Premier Rachel Notley’s NDP government made more changes to its abortion clinic bill Wednesday while the Opposition United Conservatives continued to register their displeasure by walking out en masse during votes.
Government members accepted an amendment from Independent Derek Fildebrandt to specifically include the role of municipal bylaw officers in enforcing the proposed legislation, which mandates no-protest zones around clinics.
However, they rejected a second Fildebrandt motion aimed at ensuring the bill won’t restrict the freedom of the media to cover news events surrounding the clinics.
“I don’t think (privacy of clinic participants) has been abused by the media to date and I don’t think it would be abused in the future, but I think (press freedom) is an important aspect to take note of when we’re writing legislation,” Fildebrandt told the house.
NDP Infrastructure Minister Sandra Jansen spoke against the amendment.
Jansen, a former journalist, said mainstream journalists already handle the clinics respectfully. But Jansen said some anti-abortionists billing themselves as journalists would use the amendment to breach the no-go zone and harass staff and patients.
“While I appreciate the effort, I will say that I find the implications of this amendment frightening,” Jansen said.
Bill 9 would create minimum 50 metre no-protest zones around abortion clinics.
It would also make it illegal for anyone to harass a doctor by phone, mail or online to convince them to not provide abortion services. Anyone breaking the law would face fines up to $10,000 or a year in jail.
UCP Leader Jason Kenney has said the legislation is unnecessary because abortion clinics already have legal tools at their disposal to deal with protests. He said he and his caucus are abstaining from what they call deliberately political and provocative legislation.
Five of the 25-member UCP caucus sat silently during debate of Fildebrandt’s amendments and walked out when the votes were called.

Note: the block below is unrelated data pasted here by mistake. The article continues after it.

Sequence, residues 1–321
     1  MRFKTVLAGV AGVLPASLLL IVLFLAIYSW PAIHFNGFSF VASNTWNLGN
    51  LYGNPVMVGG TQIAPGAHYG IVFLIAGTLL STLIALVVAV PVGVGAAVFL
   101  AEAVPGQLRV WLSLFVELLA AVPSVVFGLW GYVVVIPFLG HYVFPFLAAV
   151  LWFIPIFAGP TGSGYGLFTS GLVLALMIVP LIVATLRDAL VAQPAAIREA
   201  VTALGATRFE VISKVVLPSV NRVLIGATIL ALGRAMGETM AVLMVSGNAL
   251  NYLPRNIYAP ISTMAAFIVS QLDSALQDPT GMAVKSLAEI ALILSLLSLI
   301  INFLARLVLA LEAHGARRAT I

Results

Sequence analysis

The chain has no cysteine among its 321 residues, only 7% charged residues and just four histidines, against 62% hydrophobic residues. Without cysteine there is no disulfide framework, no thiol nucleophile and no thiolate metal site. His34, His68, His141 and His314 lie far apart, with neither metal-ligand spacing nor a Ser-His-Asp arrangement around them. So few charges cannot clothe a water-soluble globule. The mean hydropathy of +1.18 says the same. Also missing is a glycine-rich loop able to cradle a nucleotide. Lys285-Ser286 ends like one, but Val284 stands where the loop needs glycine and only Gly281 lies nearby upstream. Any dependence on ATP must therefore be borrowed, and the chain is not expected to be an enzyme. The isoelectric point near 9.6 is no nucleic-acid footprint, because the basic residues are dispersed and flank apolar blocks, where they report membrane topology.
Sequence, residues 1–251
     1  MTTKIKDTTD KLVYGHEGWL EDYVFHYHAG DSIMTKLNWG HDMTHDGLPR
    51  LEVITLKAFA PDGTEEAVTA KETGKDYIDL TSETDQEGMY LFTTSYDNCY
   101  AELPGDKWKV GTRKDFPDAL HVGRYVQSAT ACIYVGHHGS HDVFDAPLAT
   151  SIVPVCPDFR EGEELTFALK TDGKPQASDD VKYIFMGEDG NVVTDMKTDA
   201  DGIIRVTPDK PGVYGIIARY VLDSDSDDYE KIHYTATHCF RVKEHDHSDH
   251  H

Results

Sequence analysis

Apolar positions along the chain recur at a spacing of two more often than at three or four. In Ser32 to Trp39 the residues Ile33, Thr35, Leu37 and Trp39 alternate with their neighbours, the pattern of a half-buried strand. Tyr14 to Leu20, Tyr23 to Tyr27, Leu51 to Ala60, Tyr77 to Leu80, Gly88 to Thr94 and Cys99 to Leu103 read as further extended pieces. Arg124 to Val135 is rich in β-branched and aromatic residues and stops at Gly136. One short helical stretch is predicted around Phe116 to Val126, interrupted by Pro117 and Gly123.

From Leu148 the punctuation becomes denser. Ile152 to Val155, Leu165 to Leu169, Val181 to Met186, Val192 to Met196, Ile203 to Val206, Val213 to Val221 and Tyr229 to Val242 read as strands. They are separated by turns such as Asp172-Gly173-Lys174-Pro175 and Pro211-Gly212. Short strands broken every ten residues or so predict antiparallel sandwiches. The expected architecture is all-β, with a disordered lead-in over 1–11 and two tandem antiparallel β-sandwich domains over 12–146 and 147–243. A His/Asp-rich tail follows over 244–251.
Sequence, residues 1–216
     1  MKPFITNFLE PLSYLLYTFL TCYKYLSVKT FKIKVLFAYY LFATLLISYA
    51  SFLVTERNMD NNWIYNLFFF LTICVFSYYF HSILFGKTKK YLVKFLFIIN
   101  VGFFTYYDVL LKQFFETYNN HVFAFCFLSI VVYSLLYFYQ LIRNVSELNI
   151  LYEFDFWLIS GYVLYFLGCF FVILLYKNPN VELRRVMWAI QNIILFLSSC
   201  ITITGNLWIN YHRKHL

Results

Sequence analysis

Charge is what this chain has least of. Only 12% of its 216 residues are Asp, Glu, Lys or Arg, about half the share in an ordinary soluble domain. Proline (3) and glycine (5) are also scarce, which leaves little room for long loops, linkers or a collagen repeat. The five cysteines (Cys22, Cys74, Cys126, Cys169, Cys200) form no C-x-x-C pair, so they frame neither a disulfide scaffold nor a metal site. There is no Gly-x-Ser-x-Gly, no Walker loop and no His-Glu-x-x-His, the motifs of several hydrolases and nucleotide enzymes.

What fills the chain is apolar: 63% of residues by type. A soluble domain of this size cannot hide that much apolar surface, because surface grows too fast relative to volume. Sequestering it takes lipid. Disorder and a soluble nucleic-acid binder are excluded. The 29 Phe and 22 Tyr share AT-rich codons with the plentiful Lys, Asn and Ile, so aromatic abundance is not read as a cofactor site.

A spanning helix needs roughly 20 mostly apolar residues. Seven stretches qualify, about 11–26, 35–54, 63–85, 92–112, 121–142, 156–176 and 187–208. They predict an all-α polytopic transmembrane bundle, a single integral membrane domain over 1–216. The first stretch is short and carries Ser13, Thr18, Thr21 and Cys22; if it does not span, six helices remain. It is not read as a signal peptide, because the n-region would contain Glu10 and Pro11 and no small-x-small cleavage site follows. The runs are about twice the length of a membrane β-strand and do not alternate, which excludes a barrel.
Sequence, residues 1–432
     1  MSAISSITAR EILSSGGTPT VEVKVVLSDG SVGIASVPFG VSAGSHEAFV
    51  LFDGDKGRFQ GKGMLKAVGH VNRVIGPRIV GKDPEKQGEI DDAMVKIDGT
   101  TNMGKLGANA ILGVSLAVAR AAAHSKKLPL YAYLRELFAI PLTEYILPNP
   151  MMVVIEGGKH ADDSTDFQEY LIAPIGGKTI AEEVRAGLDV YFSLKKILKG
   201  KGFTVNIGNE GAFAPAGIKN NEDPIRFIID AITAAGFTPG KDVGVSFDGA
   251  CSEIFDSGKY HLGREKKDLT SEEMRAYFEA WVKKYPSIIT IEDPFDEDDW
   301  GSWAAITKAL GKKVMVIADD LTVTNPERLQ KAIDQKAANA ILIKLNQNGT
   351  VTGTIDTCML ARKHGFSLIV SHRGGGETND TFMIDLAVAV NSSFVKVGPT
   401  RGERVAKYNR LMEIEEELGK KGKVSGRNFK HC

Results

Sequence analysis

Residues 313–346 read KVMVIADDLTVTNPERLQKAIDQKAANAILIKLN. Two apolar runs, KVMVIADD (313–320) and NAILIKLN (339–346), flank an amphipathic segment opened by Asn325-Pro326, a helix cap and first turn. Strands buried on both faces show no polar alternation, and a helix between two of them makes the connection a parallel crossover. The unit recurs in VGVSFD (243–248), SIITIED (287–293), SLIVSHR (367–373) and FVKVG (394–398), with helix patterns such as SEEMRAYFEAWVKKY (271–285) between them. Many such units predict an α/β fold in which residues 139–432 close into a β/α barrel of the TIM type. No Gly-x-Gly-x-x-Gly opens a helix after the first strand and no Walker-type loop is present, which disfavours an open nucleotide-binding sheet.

The UCP has now left the house en masse six times during discussions on Bill 9.
The NDP says the UCP members are failing to meet their responsibilities as legislature members by walking out on an important bill.
Earlier Wednesday during question period, Kenney questioned the government’s sincerity, noting, “Bill 9 is something they did not even think was important enough to mention in their (recent) throne speech let alone their (2015 election) platform.”
The UCP caucus also walked out of the vote late Tuesday night when the government accepted an amendment by NDP backbencher Deborah Drever to increase the safety zones to 150 metres if the proposed minimum of 50 metres doesn’t prove effective.
Fildebrandt argued against it.
He said while he is in favour of legislated protections for women and staff, that must be balanced with respect for freedom of speech.
If the bill becomes law, Alberta would join British Columbia, Ontario, Quebec and Newfoundland and Labrador in creating so-called bubble zones.
Notley has said the UCP absence at debate speaks to the party’s broader unofficial policy of not standing up for women’s rights.
This past weekend, United Conservatives voted to adopt a policy that would mandate parents be told when a minor has “invasive medical procedures.”
Those on both sides of the abortion debate say that would open the door to mandatory parental consent in abortion procedures for minors.
Kenney has said he will decide what resolutions are part of the party’s election platform and reiterated he won’t legislate on abortion.
© 2018 The Canadian Press